A Necessary Cool-Off Period: How to Address Interpersonal Conflict

A Necessary Cool-Off Period: How to Address Interpersonal Conflict

If you have ever been angry with someone or about something and then reacted in a way that you regretted afterward, then you can understand the importance of taking time to think things through (in observance of the wisdom of Proverbs 19:2). However, just as it is important to observe a “cool-off” period, it is equally important not to let so much time pass that the purpose of addressing the issue is diminished (Ephesians 4:26). God, the author and perfecter of time, provides a blueprint for how to address difficult issues with reasoning and accountability while still loving those He confronted. As I read through the popular bible story, commonly referred to as “The Curse,” I gleaned a few life lessons and made some interesting observations regarding how God went about addressing a difficult issue with Adam and Eve. Let’s take a closer look.

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The Two-Fold Nature of God’s Purpose

The Two-Fold Nature of God’s Purpose

The story of Jesus feeding the five thousand is quite popular for the miracle shared, but, as I read through this text, God highlighted a few details that are equally important for those who He has called (hint: that includes you). Without further ado, let’s get into the story.

13 When Jesus heard it, He departed from there by boat to a deserted place by Himself. But when the multitudes heard it, they followed Him on foot from the cities.

The “it” referred to at this point in the story is John the Baptist’s beheading. If you are at all familiar with the relationship he had with Jesus, then you understand how devastating this news must have been to hear (Jesus was baptized by John, who was given the special assignment of preparing the way for Jesus before his arrival and public confirmation by God (see Luke 1:5-25). The story continues:

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A Story of Commitment & Unexpected Blessing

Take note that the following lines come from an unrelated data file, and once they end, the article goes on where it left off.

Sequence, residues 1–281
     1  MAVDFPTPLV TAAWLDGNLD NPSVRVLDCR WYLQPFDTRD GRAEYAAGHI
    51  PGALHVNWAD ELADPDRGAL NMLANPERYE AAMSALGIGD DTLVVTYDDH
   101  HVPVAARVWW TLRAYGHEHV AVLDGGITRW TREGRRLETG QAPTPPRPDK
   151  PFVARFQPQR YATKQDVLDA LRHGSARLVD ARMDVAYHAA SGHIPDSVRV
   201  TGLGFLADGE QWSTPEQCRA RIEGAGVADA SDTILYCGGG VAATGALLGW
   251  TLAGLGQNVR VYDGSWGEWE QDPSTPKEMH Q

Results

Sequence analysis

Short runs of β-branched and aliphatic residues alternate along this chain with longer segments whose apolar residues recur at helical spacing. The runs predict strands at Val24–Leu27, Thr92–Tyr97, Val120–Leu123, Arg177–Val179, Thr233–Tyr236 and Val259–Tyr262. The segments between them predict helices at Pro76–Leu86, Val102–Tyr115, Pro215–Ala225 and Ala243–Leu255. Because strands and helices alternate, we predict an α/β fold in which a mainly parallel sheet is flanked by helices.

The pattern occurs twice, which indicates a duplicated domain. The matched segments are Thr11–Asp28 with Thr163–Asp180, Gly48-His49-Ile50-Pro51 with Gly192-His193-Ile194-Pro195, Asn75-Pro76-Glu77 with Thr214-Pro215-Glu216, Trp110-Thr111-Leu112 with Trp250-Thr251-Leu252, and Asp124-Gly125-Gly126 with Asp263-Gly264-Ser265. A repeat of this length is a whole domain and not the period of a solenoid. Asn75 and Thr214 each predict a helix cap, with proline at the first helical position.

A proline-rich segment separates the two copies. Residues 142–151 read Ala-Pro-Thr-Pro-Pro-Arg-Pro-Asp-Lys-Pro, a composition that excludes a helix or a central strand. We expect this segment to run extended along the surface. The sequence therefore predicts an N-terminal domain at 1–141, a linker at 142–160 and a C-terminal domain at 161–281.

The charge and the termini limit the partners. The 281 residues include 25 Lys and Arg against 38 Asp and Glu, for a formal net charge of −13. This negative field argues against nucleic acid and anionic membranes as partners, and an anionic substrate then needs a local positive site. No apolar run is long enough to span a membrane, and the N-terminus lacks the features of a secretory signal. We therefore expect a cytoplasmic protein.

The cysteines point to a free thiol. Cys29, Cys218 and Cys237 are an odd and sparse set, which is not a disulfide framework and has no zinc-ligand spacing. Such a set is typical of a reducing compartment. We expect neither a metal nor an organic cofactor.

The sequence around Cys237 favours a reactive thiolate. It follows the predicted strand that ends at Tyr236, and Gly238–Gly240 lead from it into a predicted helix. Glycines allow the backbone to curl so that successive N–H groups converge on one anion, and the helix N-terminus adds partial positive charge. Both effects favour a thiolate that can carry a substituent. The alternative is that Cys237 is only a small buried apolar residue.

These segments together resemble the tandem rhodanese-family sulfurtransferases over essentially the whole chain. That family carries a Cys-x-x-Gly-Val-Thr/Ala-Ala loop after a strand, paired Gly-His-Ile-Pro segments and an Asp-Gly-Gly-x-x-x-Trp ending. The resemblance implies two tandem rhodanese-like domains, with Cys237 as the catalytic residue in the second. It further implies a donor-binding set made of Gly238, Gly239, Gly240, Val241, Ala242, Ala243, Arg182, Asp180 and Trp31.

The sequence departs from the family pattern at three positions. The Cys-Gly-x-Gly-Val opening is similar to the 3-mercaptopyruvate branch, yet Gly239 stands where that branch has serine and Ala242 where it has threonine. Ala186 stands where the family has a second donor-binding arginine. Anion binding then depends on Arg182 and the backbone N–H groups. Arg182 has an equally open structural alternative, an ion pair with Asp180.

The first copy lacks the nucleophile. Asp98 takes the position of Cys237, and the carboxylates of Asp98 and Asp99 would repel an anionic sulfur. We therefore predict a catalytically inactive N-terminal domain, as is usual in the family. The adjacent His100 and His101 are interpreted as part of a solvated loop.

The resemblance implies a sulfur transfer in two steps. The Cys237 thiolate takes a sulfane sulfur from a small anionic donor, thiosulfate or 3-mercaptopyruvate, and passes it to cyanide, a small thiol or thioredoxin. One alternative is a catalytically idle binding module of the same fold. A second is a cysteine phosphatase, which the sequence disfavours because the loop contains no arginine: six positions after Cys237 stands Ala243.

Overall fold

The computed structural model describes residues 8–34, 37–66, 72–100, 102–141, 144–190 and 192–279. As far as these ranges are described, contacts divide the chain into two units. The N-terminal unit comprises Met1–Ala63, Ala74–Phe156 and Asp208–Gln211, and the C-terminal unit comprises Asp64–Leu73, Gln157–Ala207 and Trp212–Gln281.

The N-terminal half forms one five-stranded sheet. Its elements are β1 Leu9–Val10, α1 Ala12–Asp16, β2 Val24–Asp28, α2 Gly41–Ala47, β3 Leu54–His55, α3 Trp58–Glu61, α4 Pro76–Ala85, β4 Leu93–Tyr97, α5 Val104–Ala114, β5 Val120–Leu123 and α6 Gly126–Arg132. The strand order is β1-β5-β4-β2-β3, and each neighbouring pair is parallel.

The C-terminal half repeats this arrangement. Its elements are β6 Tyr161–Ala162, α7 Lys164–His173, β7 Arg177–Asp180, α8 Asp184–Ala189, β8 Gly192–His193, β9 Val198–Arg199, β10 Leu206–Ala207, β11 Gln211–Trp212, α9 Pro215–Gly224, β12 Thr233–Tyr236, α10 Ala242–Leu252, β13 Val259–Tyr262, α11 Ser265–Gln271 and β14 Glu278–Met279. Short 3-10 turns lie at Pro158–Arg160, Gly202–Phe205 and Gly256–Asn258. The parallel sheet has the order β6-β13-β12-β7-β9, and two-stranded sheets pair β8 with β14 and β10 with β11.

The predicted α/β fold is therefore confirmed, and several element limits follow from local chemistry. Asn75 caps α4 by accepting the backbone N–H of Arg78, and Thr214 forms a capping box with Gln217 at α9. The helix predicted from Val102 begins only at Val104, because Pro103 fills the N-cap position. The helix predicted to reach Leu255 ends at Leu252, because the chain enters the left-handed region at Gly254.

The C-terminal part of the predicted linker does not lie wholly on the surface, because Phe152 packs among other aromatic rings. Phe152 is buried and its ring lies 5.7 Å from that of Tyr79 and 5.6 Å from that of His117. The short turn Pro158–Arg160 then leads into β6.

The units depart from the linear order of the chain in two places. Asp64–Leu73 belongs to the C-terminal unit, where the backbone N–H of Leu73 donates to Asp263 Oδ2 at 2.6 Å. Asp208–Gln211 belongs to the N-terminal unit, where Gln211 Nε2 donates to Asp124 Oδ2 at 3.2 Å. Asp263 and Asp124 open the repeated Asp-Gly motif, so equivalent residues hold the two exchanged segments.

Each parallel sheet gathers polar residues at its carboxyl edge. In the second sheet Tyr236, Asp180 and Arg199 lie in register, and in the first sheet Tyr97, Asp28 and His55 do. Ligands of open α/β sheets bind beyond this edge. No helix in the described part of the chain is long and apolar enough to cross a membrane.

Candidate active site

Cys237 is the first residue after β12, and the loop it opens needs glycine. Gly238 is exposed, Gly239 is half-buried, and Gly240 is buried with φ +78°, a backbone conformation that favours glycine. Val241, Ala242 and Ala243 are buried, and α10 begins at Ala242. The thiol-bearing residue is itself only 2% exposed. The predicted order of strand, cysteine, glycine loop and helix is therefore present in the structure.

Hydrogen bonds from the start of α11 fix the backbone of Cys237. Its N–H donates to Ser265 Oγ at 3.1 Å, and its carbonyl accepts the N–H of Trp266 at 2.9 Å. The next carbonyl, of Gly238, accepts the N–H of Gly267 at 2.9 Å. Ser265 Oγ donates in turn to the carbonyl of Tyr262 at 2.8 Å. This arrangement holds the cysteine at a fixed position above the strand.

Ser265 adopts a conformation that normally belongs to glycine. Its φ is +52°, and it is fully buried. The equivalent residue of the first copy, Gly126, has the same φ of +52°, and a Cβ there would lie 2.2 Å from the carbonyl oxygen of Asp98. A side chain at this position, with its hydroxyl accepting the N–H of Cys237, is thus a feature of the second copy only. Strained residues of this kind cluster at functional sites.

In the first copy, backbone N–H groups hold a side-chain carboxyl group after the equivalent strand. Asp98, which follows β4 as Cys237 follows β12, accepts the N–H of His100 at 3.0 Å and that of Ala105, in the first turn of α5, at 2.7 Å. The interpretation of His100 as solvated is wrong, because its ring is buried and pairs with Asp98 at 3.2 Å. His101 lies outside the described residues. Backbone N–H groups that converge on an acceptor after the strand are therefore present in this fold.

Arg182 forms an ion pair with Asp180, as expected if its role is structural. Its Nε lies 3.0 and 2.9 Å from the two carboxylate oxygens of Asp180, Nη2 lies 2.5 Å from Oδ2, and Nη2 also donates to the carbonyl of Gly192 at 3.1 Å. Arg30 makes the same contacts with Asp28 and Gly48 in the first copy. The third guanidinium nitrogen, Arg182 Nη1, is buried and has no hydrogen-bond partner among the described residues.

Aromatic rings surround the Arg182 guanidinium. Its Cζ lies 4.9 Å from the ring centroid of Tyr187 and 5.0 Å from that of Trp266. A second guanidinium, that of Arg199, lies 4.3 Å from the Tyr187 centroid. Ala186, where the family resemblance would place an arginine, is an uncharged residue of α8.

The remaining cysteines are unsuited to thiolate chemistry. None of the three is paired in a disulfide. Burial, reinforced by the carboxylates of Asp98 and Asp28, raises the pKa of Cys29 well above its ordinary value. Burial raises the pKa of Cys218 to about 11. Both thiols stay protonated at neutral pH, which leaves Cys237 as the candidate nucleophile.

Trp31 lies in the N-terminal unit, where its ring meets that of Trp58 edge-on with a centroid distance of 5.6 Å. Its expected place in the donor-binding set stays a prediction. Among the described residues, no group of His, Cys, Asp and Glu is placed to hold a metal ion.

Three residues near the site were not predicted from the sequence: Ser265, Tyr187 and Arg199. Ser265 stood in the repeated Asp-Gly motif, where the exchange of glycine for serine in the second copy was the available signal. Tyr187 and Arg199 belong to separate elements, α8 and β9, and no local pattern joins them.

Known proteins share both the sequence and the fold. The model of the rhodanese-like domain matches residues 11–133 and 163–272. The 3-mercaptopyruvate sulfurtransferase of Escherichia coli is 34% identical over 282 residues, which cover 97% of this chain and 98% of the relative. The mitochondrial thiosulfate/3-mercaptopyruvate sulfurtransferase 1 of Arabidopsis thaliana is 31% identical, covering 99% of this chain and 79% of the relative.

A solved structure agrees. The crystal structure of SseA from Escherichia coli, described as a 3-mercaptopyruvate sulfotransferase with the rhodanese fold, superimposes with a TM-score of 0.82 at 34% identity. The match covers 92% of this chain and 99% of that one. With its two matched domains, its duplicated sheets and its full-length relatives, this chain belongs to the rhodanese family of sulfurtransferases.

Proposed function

A Story of Commitment & Unexpected Blessing

The biblical book of Ruth is often referenced for the story of how Ruth met and married Boaz. While that story holds many important themes, today’s focus is the relationship between Ruth and Naomi. Ruth is a woman who is from a place called Moab. Naomi meets her after a long journey from Bethlehem, Judah (her home country) to Moab and some difficult years, following the loss of her husband. Naomi had two sons, named Mahlon and Chilion. These Hebrew sons married two women from Moab, Orpah and Ruth. The story reports that they stayed in Moab for about ten years before both Mohlon and Chilion die. At this point, things seem a bit bleak for these women. The story makes no mention of either of the wives bearing children. All they have left is each other. In a patriarchal society, that was a great disadvantage. However, as these women begin a new journey, things take an enormous shift in a new direction, though they don’t know it at the time.

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The Importance of Godly Community

The Importance of Godly Community

In the biblical story of the garden of Eden, we are introduced to the scene of the serpent starting a conversation with the woman we now know as Eve. He begins their discourse with a question:

“Has God indeed said, ‘You shall not eat of every tree of the garden’?” (Genesis 2:1 NKJV)

Let’s pause there for a moment. Whether they were already speaking before this or not is unknown, but, either way, something about the question foreshadows the serpent’s intent. He brings up a topic that involves a third party who is not present.

Lesson #1: Be wary of people who gossip. Godly community does not entertain hearsay.

Sounds simple enough. Let’s continue…

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